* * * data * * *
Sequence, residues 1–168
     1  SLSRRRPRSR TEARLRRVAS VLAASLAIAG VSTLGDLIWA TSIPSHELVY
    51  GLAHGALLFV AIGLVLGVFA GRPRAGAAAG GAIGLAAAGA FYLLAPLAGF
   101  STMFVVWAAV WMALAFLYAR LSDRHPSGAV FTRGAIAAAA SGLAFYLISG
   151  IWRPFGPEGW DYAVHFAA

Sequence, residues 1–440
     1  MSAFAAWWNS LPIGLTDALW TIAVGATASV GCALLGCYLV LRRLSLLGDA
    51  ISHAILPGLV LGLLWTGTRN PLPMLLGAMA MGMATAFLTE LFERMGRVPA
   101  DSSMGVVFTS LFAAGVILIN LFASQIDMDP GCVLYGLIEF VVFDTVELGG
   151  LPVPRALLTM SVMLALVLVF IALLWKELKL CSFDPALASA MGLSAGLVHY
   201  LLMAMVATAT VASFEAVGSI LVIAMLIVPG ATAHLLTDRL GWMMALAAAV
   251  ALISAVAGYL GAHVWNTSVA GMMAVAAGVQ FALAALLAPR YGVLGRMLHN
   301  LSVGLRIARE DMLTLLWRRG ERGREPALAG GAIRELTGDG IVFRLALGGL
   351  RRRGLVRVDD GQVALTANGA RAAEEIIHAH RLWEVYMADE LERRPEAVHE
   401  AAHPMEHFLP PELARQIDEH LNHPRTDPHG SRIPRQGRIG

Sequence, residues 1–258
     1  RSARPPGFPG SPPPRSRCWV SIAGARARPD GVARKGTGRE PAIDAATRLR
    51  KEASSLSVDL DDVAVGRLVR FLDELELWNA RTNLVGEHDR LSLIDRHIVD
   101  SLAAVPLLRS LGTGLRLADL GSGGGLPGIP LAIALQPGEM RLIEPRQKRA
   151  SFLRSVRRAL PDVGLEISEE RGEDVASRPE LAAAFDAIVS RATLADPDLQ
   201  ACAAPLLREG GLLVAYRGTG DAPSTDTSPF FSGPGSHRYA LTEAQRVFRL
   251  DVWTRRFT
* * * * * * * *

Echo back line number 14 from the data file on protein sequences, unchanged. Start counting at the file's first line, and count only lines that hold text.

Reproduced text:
   351  RRRGLVRVDD GQVALTANGA RAAEEIIHAH RLWEVYMADE LERRPEAVHE